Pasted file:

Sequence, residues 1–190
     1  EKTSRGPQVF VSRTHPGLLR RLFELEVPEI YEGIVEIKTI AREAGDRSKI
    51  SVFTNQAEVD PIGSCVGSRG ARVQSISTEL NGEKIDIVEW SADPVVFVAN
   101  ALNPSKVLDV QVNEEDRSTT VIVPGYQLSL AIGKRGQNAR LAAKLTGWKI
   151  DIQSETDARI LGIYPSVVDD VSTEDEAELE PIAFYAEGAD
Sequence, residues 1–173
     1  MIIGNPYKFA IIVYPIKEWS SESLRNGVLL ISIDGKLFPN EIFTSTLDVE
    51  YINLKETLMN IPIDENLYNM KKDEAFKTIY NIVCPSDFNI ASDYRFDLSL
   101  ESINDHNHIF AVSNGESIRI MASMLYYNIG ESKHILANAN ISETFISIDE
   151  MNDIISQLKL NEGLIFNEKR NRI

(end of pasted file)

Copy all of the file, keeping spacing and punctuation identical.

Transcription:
Sequence, residues 1–190
     1  EKTSRGPQVF VSRTHPGLLR RLFELEVPEI YEGIVEIKTI AREAGDRSKI
    51  SVFTNQAEVD PIGSCVGSRG ARVQSISTEL NGEKIDIVEW SADPVVFVAN
   101  ALNPSKVLDV QVNEEDRSTT VIVPGYQLSL AIGKRGQNAR LAAKLTGWKI
   151  DIQSETDARI LGIYPSVVDD VSTEDEAELE PIAFYAEGAD
Sequence, residues 1–173
     1  MIIGNPYKFA IIVYPIKEWS SESLRNGVLL ISIDGKLFPN EIFTSTLDVE
    51  YINLKETLMN IPIDENLYNM KKDEAFKTIY NIVCPSDFNI ASDYRFDLSL
   101  ESINDHNHIF AVSNGESIRI MASMLYYNIG ESKHILANAN ISETFISIDE
   151  MNDIISQLKL NEGLIFNEKR NRI